Anderson’s Value of Learning Model was published in 2006 by the Chartered Institute of Personnel and Development. While not having the publicity of the Kirkpatrick Training and Evaluation Model, it boasts the perks of recency in an industry saturated with failed trainings. Here’s how it works:
In three stages, Anderson’s Value of Learning Model seeks to conquer the Evaluation Challenge and the Value Challenge which are the two main struggles faced by organizations. Organizations report that “they struggle to do evaluations well,” and “require evidence showing the value of learning and training.” In other words, they want to know that their training works, but struggle to find the evidence. Here are the three stages that Anderson’s Value of Learning Model uses to accomplish these two tasks.
Determine current alignment against strategic priorities. This stage asks an important question: Is our training in line with our strategy? If a company’s goal is to drive sales, do the trainings accent that?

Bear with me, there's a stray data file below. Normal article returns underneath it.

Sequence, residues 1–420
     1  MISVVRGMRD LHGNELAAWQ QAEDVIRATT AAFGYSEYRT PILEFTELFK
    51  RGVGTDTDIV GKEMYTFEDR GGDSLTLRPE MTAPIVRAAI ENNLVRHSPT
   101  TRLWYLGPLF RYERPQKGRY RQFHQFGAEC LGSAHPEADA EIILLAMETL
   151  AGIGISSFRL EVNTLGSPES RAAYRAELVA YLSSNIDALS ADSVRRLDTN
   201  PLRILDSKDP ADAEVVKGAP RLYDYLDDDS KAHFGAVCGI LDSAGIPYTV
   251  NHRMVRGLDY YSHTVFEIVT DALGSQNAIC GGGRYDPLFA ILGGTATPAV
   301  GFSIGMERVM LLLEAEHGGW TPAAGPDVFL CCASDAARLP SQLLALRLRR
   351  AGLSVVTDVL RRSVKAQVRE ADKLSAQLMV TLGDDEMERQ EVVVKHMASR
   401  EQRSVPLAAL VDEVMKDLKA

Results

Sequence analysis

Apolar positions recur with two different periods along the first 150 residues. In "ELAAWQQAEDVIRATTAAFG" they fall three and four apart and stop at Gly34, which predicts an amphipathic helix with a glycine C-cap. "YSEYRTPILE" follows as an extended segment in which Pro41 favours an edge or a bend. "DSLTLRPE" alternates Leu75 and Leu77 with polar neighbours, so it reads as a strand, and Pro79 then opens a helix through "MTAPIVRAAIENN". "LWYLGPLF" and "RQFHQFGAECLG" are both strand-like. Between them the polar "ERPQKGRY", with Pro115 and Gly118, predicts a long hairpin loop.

Use a range of methods to assess and evaluate the contribution of learning. This stage “outlines four areas of evaluation,” - Return on Investment Measures (Cost of learning programs vs. bottom line), Return on Expectation Measures (has the expectation of your training been met?), Benchmark and Capacity Measures (how are we doing relative to other organizations?), and Learning Function Measures (how efficient is the program in your business?).
Establish the most relevant approaches for your organization.
Similar to the Kirkpatrick model, the most difficult challenge is data collection to determine where an organization falls in each of the three stages. When we ask organizations how they collect needed data, we hear, “It’s difficult.” Anderson’s Value of Learning Model is a wonderful model. If you solve the data collection issue, the model becomes much more useful. See how Sprezie can help your organization effortlessly get the data required to use Anderson’s model.